Conquering the Seoul Metro

Wednesday, 20 Sept, 2017


The apartment was so quiet. I thought we would awake to voices and engine noise, but silence. It's hard to believe we are in the middle of a city of 10 million people. We had a leisurely start and enjoyed a good filter coffee, but eventually I decided it would be a good idea to venture out for some beakfast supplies. We could have gone to the convenience store at the end of the street, however, checking out big grocery stores is always interesting in a new country.

The street outside our apartment

Catching up on social media and blogging

We headed to the local homebase store via the winding back streets of Itaewon, so much quieter after the vibrancy of the night before. Clearly cafes are more of a lunch or evening hangout, as they were all closed. Lucky we weren't in search of coffee. Once at the store we spent a while finding goodies to enjoy. Besides the breakfast essentials, we stocked up on cheese and ham for lunch, as well as an assortment of cookies of unknown quality. Some peanuts, chips and crackers rounded out our basket. Much of the fruit and veg selection was more expensive than home, even considering that the fruit was in season, for example, paying $10 for a small bunch of grapes seemed excessive.

Georgia found some Pocky's

We then set off in search of a bakery. En route to a Turkish bakery identified by Google Maps, we discovered a Paris Now with fresh baguettes, ciabattas and pastries on offer. Lunch was now officially sorted. We decided that there was plenty of time to enjoy more traditional Korean lunches on the road.

Once breakfast was done, it was time to put the bikes together. Good news, as there was only one minor problem. Georgia's speed sensor had been broken off its mount, but was expertly reattached with a cable tie.

Highly trained bike mechanics hard at work

Chores finished, it was time to discover how to use the Seoul metro. We purchased our T-money cards and uploaded 20,000 won each, being enough for a few days of metro travel. Jonno was in charge, and expertly guided us through two metro transfers to Myeongdong station. Our early experience indicated that the Seoul metro was a much better option than the Korail lines. It seems that privatisation results in different levels of investment in technology and infrastructure. The highlight of the Seoul metro system was being able to monitor our train arrival in real time with a littel engine moving across a screen. We are easily entertained.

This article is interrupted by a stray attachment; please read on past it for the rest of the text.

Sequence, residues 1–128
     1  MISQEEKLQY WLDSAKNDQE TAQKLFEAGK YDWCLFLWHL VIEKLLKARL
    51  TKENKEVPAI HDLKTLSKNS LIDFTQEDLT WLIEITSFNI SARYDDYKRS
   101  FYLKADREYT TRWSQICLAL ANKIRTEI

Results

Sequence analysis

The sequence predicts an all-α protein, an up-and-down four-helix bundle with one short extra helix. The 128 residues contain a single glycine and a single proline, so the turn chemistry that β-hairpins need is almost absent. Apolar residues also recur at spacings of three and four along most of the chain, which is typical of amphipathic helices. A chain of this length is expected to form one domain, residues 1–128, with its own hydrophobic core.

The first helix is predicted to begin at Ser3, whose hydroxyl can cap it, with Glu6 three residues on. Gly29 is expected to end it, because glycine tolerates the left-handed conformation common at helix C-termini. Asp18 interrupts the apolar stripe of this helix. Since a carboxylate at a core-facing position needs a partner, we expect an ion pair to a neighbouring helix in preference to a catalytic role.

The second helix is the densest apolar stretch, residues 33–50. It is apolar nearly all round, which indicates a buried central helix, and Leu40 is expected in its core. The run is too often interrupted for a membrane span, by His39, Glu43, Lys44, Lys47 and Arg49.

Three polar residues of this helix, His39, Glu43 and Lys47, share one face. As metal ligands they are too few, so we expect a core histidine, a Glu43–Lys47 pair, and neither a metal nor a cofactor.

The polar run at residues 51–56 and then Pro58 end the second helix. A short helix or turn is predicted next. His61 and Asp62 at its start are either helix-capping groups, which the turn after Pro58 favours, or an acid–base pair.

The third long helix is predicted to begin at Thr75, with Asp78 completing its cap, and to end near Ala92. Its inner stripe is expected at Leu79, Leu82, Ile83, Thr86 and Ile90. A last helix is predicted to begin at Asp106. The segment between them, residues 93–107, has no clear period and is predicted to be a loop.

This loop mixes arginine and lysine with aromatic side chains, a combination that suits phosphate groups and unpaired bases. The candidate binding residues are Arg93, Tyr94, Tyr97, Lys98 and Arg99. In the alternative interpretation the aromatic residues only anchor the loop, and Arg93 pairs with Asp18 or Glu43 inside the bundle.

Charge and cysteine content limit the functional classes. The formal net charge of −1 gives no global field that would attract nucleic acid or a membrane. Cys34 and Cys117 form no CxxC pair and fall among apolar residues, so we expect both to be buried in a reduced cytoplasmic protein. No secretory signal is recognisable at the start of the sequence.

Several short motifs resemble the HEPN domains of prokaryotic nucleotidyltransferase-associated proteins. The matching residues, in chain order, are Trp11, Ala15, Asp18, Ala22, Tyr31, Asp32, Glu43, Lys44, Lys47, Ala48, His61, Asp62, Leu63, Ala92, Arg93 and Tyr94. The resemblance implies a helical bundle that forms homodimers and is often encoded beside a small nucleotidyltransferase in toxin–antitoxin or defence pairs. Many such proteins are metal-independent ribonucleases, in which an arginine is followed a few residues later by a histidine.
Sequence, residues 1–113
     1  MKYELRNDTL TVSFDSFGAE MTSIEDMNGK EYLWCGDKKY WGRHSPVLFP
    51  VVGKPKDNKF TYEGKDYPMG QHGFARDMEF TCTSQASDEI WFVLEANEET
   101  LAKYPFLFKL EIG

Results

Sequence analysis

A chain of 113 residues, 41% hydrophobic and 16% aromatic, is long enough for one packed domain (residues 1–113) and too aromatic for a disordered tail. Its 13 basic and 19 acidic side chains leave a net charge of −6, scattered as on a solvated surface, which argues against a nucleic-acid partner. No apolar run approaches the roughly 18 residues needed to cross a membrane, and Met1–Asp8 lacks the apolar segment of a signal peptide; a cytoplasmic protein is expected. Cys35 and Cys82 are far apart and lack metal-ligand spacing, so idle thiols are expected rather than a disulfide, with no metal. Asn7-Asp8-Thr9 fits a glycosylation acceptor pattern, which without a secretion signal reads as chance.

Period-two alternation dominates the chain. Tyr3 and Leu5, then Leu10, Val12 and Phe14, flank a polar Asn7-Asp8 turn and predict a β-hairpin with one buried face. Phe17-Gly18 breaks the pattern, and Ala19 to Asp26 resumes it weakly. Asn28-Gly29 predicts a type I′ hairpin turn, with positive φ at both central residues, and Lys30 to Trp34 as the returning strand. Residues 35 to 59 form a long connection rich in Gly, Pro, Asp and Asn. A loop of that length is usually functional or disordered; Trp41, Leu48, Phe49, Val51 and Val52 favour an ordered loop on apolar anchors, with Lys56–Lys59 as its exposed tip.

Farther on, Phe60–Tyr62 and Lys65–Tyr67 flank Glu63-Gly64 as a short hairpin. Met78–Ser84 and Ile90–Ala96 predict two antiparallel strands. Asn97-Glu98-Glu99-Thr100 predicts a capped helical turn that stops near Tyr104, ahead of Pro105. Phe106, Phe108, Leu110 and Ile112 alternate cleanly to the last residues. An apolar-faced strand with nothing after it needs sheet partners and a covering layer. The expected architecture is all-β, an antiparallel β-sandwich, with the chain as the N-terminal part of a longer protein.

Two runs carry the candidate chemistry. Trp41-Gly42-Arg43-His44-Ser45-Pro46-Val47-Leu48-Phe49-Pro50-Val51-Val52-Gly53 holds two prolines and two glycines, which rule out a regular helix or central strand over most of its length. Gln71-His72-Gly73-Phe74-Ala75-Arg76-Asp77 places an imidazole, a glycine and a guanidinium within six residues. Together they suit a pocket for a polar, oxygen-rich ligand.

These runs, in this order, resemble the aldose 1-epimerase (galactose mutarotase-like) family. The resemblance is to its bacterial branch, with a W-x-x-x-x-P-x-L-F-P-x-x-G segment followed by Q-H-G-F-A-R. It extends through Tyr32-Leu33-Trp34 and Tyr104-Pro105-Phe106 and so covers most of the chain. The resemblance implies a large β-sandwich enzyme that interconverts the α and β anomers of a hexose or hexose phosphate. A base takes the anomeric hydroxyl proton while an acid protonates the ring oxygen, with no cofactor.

Descending into the Seoul Metro

Our plan for the day was to walk the Namsan circuit, a 6 kim tour over Namsan park, following pathways and parts of the Seoul city wall. We could have just caught the cable car to the top, but where is the fun in that?

We took our time, enjoying the expansive views over the city. There were lots of people out enjoying the beautiful day. There was no sense of any concern or fear about activities just to the north of us. We stopped for a picnic lunch in one of many of the rest areas, then climbed a steep set of steps shadowing the city wall which had been reconstructed, and now circles the city.

Heading up to the wall

Climbing the steps beneath the wall

Lunch stop

As we reached N Seoul tower, there was a traditional cultural performance with plate spinning, and sword fighting demonstrations. We enjoyed the experience, and then wandered to the terrace to admire all the declarations of undying love that had been attached to the railings, and a fabulous view over the city. We guessed the direction of our cozy home as we headed back down the city wall to the reconstructed Sungnyemun gate and onto the Namdaeumun market.

A cultural Korean Sword dance

All those love locks!

We made it to N Seoul Tower

The Namdaemum Market is the biggest in Korea, and I was curious to see some Korean folk handicrafts. We admired wood carvings of the Eiffel tower, lace doilies and stuffed toys that would do Hello Kitty proud. Nothing you would want to bring home with you.

A lane way of Namdaemum Market

Back on the metro, we headed home for showers and a snack, before heading out to dinner. Jonno and Georgia were keen to try a cuisine that they didn't eat at home. There were so many options. It was like wandering through Eastwood on a busy night though with every possible cuisine on offer. We considered a Bulgarian restaurant, but it was empty and there was no menu. There was an interesting looking Mexican, but in the end we decided on a busy Tapas restaurant. Georgia particularly liked the eggplant topped with mozarella in a delicious tomato sauce whilst Jonno's favourite was the chicken paella. However, the highlight of our dinner was the amazing gelato we had on the way home. The best ever!!!!

We aim to be on the road by 6:30 tomorrow, aiming for a big days ride. Will we make a 100km? That's our challenge.